It’s common knowledge that it is dangerous to drive if you’re sleepy. How many times have we heard of ourselves or our close ones talk about ‘that one time’ we had to drive for long hours to reach somewhere and there just wasn’t enough time to accommodate sleep. There will be plenty of instances and it’s never a pleasant story. Now, think about truck or bus drivers who have to be behind the wheel for long hauls. What if they haven’t had a good sleep or what if they are suffering from a sleep disorder that they aren’t even aware of? This creates quite simply a catastrophic recipe for disaster on the road, not only jeopardising the safety of the driver but also the occupants in the vehicle and other road users around.
In a country that accounts for 11% of global road accidents and where truckers are overworked, focus on matters of healthy sleep is all the more relevant. A study from last year conducted by SaveLIFE Foundation and Mahindra found that truck drivers in India drive 12 hours a day covering about 417 km, with almost one in two admitting that they drive when sleepy or tired.
Obstructive Sleep Apnea (OSA) is a disorder many people suffer from but it goes undetected because of lack of testing or the realisation that it actually could create sticky situations when it comes to road safety. We got in touch with Dr Sibasish Dey, Head, Medical Affairs, Asia and Latin America, ResMed, who explains what sleep apnea is, its negative impact and what can be done to help.
What is Obstructive Sleep Apnea (OSA) and how it is dangerous behind the wheel?
Sleep apnea is a chronic sleep disorder that causes breathing trouble at night and can lead to daytime sleepiness, fatigue, loss of concentration, etc. Globally, close to 1 billion people suffer from sleep apnea, 80% of which goes undiagnosed.
The latest numbers according to a study by Lancet in 2019 suggest that there are 28 million sleep apnea patients in India.
According to a Swedish survey, comparing road traffic accidents assessed for OSA patients and the general population, patients with OSA had a 2.3–2.6 times higher risk of road traffic accidents than the general population.
Up to 20% of accidents are caused by driver inattention. Untreated sleep-disordered breathing (SBD) can result in excessive daytime sleepiness, which leads to a reduced level of alertness. The risk of driving whilst sleepy could be as dangerous as driving under the influence of alcohol.
In professional groups, such as taxi or truck drivers, the presence of OSA has been shown to increase the risk of RTAs by 300%.
In research published in AIIMS Neurology India, over 20% of all road accident victims were found suffering from SDB and OSA. A similar study conducted in the King George’s Medical University in Lucknow where truck drivers were screened, revealed that over 23% of them have sleep deprivation.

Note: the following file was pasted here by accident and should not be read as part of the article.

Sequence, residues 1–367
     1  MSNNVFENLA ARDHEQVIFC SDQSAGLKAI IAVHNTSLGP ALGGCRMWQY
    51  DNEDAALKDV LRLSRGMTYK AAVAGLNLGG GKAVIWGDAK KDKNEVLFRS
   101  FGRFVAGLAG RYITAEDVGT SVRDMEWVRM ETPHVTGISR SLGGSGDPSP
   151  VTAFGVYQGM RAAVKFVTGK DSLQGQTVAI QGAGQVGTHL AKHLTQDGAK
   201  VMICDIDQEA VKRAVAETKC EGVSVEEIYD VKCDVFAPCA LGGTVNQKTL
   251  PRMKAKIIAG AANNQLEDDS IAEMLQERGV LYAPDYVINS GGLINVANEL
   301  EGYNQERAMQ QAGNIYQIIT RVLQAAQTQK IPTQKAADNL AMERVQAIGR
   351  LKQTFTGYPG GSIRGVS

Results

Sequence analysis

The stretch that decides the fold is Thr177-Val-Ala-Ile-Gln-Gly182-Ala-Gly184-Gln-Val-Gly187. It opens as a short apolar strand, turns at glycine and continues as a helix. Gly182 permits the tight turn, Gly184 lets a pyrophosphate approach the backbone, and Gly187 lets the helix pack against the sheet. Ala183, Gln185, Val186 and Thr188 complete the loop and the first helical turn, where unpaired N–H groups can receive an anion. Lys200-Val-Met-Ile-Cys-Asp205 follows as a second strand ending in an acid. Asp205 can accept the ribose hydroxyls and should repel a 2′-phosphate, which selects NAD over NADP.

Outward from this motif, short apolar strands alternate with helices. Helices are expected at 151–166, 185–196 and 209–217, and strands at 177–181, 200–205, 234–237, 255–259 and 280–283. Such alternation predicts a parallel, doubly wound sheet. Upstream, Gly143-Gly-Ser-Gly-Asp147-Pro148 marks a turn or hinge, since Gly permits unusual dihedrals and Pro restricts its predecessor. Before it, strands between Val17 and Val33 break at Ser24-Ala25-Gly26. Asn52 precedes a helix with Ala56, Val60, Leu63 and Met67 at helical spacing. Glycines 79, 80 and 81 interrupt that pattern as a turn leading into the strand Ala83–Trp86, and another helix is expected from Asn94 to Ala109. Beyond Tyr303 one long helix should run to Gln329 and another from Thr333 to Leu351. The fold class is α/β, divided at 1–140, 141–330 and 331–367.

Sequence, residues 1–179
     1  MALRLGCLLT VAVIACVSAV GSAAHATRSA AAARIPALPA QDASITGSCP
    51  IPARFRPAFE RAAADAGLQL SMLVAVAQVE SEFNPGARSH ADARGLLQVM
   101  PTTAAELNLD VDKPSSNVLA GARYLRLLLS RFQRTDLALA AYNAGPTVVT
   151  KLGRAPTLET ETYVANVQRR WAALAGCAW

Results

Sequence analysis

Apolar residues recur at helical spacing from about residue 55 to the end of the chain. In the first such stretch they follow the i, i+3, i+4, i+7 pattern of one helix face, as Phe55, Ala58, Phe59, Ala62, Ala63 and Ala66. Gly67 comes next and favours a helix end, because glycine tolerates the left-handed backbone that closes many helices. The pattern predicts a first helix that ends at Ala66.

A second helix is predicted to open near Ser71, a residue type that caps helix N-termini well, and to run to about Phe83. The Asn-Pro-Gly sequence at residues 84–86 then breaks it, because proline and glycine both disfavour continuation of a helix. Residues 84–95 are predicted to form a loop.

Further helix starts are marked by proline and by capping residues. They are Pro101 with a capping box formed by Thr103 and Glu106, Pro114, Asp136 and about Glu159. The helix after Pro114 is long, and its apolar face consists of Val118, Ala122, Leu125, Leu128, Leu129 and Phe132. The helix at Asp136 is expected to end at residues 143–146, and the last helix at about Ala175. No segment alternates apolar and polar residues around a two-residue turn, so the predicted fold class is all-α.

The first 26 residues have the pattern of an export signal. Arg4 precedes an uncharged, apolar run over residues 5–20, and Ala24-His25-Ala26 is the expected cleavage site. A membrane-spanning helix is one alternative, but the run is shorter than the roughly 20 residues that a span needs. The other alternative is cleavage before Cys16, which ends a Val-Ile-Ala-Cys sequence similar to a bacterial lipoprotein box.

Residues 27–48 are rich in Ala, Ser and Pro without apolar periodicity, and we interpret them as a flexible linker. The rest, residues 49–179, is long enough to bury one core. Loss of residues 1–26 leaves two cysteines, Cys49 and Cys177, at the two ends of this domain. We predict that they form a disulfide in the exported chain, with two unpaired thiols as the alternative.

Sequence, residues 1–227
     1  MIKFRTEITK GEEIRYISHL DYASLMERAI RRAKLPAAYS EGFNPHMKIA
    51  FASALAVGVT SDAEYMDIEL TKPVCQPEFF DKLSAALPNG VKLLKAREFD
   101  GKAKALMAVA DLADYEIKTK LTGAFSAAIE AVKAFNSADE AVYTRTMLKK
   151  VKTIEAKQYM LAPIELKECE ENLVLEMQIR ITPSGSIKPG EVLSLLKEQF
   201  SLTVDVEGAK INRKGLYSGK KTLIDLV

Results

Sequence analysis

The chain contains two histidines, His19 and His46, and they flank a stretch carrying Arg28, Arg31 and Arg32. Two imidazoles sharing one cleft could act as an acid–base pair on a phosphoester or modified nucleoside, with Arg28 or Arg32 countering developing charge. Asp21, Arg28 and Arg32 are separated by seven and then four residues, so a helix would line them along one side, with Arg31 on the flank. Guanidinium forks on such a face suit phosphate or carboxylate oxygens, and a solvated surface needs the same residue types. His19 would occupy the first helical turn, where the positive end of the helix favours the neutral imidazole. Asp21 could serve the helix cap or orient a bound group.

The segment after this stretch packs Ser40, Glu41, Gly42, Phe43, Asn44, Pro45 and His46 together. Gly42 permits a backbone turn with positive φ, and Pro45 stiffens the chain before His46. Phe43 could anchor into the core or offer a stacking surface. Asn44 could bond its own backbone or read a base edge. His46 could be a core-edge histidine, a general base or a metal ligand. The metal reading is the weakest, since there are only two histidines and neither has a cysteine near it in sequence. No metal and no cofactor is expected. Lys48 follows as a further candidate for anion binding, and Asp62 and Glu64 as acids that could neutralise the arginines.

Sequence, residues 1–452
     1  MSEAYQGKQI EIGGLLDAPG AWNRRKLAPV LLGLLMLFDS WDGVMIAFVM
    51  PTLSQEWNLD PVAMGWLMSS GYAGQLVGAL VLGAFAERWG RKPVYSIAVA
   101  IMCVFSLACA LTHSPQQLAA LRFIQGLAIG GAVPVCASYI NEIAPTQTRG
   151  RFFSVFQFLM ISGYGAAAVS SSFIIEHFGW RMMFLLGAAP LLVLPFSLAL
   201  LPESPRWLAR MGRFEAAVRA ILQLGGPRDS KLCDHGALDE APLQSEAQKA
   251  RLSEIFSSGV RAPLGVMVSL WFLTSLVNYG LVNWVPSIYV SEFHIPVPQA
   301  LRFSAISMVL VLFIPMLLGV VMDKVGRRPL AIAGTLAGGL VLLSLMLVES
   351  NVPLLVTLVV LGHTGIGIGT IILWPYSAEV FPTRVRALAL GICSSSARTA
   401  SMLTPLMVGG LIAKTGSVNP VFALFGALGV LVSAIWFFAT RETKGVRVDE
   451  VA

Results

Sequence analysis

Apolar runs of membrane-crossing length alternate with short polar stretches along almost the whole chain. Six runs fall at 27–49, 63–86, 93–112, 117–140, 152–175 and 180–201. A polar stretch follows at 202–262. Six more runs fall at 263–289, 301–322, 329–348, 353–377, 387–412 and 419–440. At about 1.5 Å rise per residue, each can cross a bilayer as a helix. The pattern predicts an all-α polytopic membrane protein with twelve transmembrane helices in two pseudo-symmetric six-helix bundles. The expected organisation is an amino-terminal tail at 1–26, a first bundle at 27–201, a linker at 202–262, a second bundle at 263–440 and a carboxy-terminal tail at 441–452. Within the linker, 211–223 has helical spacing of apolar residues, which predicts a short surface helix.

Drowsy drivers can cause fatal accidents. Even a small amount of sleep loss can have measurable outcomes. For e.g., if only 5 hours of sleep is provided for 4 consecutive nights, it impairs task performance to the same degree as blood alcohol level of 0.6%.
Several studies have revealed that, in comparison, persons with OSA have an elevated risk of falling asleep while driving and are more likely to cause accidents. Moreover, a mishap associated with the drowsiness of drivers is graver than other RTA, as drowsy drivers frequently do not make accurate responses before the accident.
What can the government consider doing to curb road traffic accidents?
Some countries conduct regular tests to ensure safety. For example, Australia tests commercial vehicle drivers once every three years for drivers aged 49 or under, and yearly for drivers aged 50 or over. In 2014, the EU introduced a directive to be adopted in all member states that if sleep apnea is suspected, drivers must seek diagnosis, and can only return to driving once the condition is under control.
There is currently very minimal awareness on this subject in India, The government must drive a sleep awareness campaign to educate people about the importance of sleep. Right now, they have policies related to various non-communicable diseases such as diabetes, and unhealthy sleep is the primary cause of these non-communicable diseases. So, it must be monitored.
In addition, OEMs should educate their customers and their clients to spread awareness about this. Even petrol pumps can be used – a poster about sleep on a petrol pump can help a lot.
Sleep testing infrastructure in India
Sleep testing has evolved and has gone from sleep labs to bedrooms today, due to the evolution of cloud-connected technologies. ResMed’s products such as OneSleepTest, Home Sleep test, ApneaLink Air have proven to be effective tools for the diagnosis of sleep apnea. These are affordable tests are cost somewhere around Rs 5,000–7,000 per kit.
However, these tests are specifically for mild to moderate sleep disorders. In the case of severe sleep disorders, there is polysomnography, which is studied in sleep labs, and cost somewhere around Rs 50,000.
For truck drivers, ResMed recommends the STOP – BANG questionnaire, which is affordable, to test if they have symptoms of sleep apnea and basis the results, they can go in for the treatment required.
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